Flashback fun!

Return with us now to the thrilling days of the late 1990s, when the Interweb was young, the CD was king, and the cloud was a white, fluffy thing that floated above your head while you gabbed on your cordless telephone.

Photo by: Associated Press

Motorola StarTAC

This "personal cellular phone," as it was billed, literally helped put cell phones in everyday people's hands.

It set new standards for design, perfecting the modern flip-phone configuration, and weighed just 3.5 ounces.

Photo by: Associated Press

DVD players

When "digital videodisk products," as they were first described by New York media, arrived in the United States in early 1997, most Hollywood studios weren't on board with the format.

An early adapter who plunked down $500 or so for a player had to make do with "Space Jam" and a handful of other titles.

Photo by: Associated Press

Original PlayStation

Introduced in 1995, Sony's innovative, CD-ROM-equipped game system quickly became the driving force of its company and the gaming industry.

State-of-the-art 128KB memory cards saved your Mortal Kombat 3 action in all its 32-bit glory while DualShock controllers, which came along in 1997, literally rocked your world.

Photo by: Sony

Giga Pets

Giga's dogs, frogs and whatnot were digital characters that lived in beeper-like devices that beeped when the "animals" pooped or needed to be fed. ("Don't upset your Giga Pet," the commercial warned.)

Alas, in the United States, the Giga Pet was soon overshadowed by its corporate cousin, Furby.

Photo by: Tiger Electronics

Windows 95

Yay! Windows 95 is here! Steve Ballmer is stoked! "Friends" stars Jennifer Aniston and Matthew Perry are totally impressed! Kidding aside, the operating system deserved the hype. Windows 95 simplified startup and program access.

Photo by: AFP/Getty Images

Pilot 1000

Filofaxes were so 1980s! By 1997, the way to get and stay organized was to plunk down $299 for this Palm-produced electronic organizer that, per The New York Times' glowing account, "share[d] data with a desktop computer and synchronize[d] information quickly on both machines."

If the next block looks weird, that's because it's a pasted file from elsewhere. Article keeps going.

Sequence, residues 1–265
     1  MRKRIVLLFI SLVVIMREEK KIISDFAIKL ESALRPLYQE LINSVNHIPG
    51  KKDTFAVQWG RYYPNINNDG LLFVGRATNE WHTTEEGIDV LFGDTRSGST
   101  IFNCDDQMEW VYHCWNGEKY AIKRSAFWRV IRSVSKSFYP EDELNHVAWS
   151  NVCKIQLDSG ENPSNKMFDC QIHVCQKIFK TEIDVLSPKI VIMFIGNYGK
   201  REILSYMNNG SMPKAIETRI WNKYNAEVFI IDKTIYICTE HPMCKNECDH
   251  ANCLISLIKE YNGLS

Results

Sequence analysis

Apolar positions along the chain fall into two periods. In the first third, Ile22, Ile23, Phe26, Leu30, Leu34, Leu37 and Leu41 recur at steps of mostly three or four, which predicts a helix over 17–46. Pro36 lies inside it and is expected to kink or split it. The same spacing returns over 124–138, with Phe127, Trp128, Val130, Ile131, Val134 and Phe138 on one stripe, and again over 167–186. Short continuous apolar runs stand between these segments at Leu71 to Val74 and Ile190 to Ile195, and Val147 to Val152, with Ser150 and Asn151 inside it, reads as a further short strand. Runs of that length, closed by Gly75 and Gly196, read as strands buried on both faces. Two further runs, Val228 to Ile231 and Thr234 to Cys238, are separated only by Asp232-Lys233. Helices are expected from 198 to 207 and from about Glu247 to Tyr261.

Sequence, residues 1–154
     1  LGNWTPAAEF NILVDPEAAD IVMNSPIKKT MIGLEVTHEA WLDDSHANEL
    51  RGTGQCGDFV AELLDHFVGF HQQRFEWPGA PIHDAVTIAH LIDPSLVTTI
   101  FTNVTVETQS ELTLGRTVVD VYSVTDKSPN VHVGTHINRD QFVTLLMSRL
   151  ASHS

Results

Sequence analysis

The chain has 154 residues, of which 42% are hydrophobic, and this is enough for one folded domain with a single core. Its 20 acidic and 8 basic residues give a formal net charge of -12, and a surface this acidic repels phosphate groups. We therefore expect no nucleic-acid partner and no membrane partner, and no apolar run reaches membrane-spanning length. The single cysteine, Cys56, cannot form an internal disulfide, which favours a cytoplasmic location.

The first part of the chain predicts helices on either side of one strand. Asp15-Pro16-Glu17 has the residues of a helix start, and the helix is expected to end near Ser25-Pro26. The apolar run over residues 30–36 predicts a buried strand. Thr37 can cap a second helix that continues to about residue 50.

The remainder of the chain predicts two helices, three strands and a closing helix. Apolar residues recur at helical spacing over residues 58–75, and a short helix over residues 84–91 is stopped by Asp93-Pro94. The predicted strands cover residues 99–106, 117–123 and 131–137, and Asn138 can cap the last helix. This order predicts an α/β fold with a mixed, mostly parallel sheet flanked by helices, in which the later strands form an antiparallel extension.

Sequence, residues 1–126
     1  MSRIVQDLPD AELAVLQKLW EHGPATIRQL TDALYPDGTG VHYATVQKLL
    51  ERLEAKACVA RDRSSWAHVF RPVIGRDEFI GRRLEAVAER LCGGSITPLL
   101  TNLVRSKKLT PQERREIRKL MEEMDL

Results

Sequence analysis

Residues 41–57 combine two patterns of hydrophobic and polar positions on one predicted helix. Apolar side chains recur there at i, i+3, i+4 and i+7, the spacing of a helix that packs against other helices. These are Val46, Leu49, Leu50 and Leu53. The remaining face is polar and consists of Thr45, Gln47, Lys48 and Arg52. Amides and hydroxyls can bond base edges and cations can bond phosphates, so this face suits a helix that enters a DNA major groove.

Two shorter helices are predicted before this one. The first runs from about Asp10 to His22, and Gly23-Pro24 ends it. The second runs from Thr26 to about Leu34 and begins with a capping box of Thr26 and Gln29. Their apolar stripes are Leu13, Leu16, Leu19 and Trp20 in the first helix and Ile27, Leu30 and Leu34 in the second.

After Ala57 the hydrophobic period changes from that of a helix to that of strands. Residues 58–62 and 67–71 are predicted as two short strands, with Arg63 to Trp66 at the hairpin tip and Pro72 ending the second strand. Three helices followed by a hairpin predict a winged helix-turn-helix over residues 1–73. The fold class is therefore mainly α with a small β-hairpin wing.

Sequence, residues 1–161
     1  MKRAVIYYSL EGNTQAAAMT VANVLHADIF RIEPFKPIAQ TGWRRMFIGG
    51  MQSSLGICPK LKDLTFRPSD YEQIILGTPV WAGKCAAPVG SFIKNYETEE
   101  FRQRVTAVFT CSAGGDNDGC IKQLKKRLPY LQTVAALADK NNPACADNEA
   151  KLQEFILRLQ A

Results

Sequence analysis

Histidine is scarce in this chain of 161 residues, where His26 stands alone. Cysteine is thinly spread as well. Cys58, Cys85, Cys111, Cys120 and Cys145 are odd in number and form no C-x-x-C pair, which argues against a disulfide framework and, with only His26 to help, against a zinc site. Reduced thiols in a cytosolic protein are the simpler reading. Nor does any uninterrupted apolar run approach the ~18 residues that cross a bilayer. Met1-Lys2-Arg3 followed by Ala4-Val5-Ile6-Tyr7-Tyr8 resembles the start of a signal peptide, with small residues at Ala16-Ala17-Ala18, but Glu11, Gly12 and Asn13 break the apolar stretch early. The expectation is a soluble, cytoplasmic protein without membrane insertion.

Photo by: CNET

Unlimited internet

In late 1996, AOL, then known as America Online or "That Company That Bombarded Everyone's Mailboxes with Floppy Disks and CDs," announced it would charge $19.95 a month for unlimited access to the web. (It previously charged the same amount for just 20 hours' worth.)

AOL wasn't the first provider to go this route, but it was the biggest.

Photo by: Getty Images

Honda EV Plus

The EV Plus was at the forefront of the original alternative-fuel revolution -- the one that failed. Born in 1997, the green Honda featured a battery that could go 125 miles between chargings.

Like many of its electric brethren, the EV Plus was available only for lease, and when the lease was up, Honda took it back.

Photo by: AFP/Getty Images

Grand Theft Auto

This is how the blockbuster franchise started, with the 1997 release of "the most violent piece of gaming on the PlayStation yet," as GameSpot judged GTA back in the day.

Graphically, the original was "a little plain" (even for an era where games, such as this one, were still released for MS-DOS), but its visceral charms charmed, and it went on to sell 125 million copies.

Photo by: Take-Two Interactive

PowerBook 1400

This machine, launched in late 1996 and listed for $2,499 ($2,899, if you wanted the CD-ROM), perked up the then-troubled Apple.

While it wasn't considered all that fast, it was considered reliable and was hailed for the innovation that was the BookCover, a portion of the 1400's lid that allowed the user to insert a design element of choice. Today's laptop-skin industry owes a debt.

Photo by: Associated Press


At a time when fewer than 40 percent of US households had a PC, this TV-based internet service seemed a doable alternative. Plus, it allowed people to do crazy things, like, as the New York Times described, simultaneously watch "The X-Files" and tap out an email.

Photo by: Associated Press

Cordless telephones with 'GigaRange'

So, GigaRange is still a thing in the Panasonic universe, but in the late 1990s, it was a big thing. It promised to deliver 20 times more range than the ordinary cordless telephone, enough to allow you to carry on a conversation from your house all the way to the backyard!

Photo by: Panasonic

Nintendo 64

Behold "the world's first true 64-bit home video game," as the Associated Press described it in 1996, the year Nintendo 64 debuted in the United States.

Photo by: Associated Press

Sony Mavica MVC-FD5

Hailed by Time as one of the all-time top 100 gadgets, the FD5 solved the problem of sharing digital photos: with a 3.5-inch floppy disk! Just snap, save to the disk, remove the disk, put the disk in a computer, upload the file, eject the disk from the computer, pass on the disk to the next person and -- voila! -- your pic is going viral, 1997-style.

Photo by: Sony


The year 1997 was a breakthrough year for the long-in-development audio format. MP3.com launched, and quickly became a gateway to free and cheap songs and albums. The writing was on the wall for the music industry, and Napster and iTunes hadn't even come along yet.

Photo by: AFP/Getty Images


Want to see the future of car technology?

Brian Cooley found it for you at CES 2017 in Las Vegas and the North American International Auto Show in Detroit.

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